There was a famous quote by a former Secretary of Defense that I have taken and modified a bit to fit my recent experiences:
“There are things I know that I know. There are things that I know I don’t know and there are things that I don’t know that I don’t know.”
During the last number of years, I’ve spent much of my time working on very large Epic implementations and managing the device deployment aspect of these projects. This includes making sure that all end user devices (PC, printers, paper scanners, bar codes scanners, credit card readers, etc.) are accounted for, compatible, and tested to work with the new Epic system. It also includes making sure there are enough associated ancillary products and that they are deployed for all the end users.
What I find working in these large complex health care organizations, is a very large, ever changing environment. There is always constant construction/remodeling, acquiring of new physician practices, opening/closing new facilities, etc. and a large Epic implementation will not stop this activity. In addition, “lost in the shuffle” are many other locations that provide patient care services or some sort of support services such as billing activities, not to mention all the rooms in the main hospitals that someone has been placed that we have to find.
In one instance, I was driving between locations of one of my clients and pulled into a random parking lot to participate on a conference call, and then realized I was in the parking lot of a location for my client that I did not know about and had just discovered. It’s truly a challenging activity keeping track of all these locations and we don’t find that there is one person or group that has this knowledge in these organizations when we become engaged.
Some recommendations to help people like me that have a fear of totally missing a location at the time of a large system go-live and can help me get a sound night of sleep (Please note: I have not missed a location yet):
1) Build a robust tracking system to track all locations and associated devices. In my experience, Microsoft SharePoint has been very effective. This can also be used to store floor plans for device placement and all details of devices, including Technical Dress Rehearsal result/issue tracking.
2) Start with a department list from the legacy system. In my experience, this has not been a complete list, but it’s a great start. The training department is also a good source.
3) Engage and work very closely with the IT Desktop support team. They have much knowledge in this area and can contribute immensely to the accuracy of your database.
4) Make sure when communicating about these locations, you agree to some sort of naming convention or use the physical addresses. Many people call these locations by different names and you can be easily get confused what location you are actually talking about.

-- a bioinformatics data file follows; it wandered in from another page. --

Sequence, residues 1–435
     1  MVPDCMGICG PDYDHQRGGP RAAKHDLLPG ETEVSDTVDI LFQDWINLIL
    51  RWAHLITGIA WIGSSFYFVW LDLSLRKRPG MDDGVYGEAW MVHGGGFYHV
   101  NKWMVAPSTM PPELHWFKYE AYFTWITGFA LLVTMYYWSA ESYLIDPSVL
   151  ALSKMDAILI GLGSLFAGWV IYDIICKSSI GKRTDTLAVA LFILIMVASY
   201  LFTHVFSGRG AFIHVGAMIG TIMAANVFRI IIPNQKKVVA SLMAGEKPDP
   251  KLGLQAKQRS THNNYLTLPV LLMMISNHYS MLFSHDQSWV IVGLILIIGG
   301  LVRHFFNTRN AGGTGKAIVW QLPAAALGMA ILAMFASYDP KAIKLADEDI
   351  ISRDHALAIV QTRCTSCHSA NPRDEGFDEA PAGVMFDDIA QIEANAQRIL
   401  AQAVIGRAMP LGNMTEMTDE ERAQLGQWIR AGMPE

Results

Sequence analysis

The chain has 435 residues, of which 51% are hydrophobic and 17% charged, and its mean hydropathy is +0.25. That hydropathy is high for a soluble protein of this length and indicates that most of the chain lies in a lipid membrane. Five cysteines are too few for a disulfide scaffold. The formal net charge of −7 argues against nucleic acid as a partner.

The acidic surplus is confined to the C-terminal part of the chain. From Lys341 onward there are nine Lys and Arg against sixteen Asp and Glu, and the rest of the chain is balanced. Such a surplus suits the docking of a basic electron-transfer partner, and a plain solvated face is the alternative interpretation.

5) Make sure you have an approach to handle the multiple departments that may reside at one location. For example: many physician offices have multiple specialties at the same location and within Epic that would be multiple departments and different print mapping, but the physical devices may cross over between the multiple departments, so the approach would be one that doesn’t count the location or device twice, but still handle the multiple departments properly.
6) Get engaged with any facilities planning groups that may exists that are managing and tracking new construction and remodeling.
7) Be engaged as much as possible with physician acquisition plans, but realize this involves confidential information at times and you may not be able to act upon as soon as you would like.
8) Attend as many leadership and clinical readiness type meetings as possible, so you can share your process to make each site “system ready” and encourage everyone not to assume we know about their locations and to verify…..verify……verify that we have them included.
9) When you have multiple go-lives across a period of time, make sure you vet your list of sites multiple times with project leadership to obtain “sign off” that you have included all the locations in the proper go-lives. You cannot do this enough!
10) Share your list with the Training team, Security team and Go-live support team as this is invaluable to them and they can also give you feedback as they may have discovered new areas.
11) Be flexible and prepared to add or move sites to a go-live at the last minute. You should also set and publish a “freeze date” of all of the final go-live locations.
In conclusion, it’s very important to have the appropriate resources dedicated as part of a project to track and discover all the locations and the changes that inevitably will happen during the course of the project and also to keep everyone informed.
Therefore there’s really only the known knowns and the known unknowns and every day, we discover a few more unknown unknowns.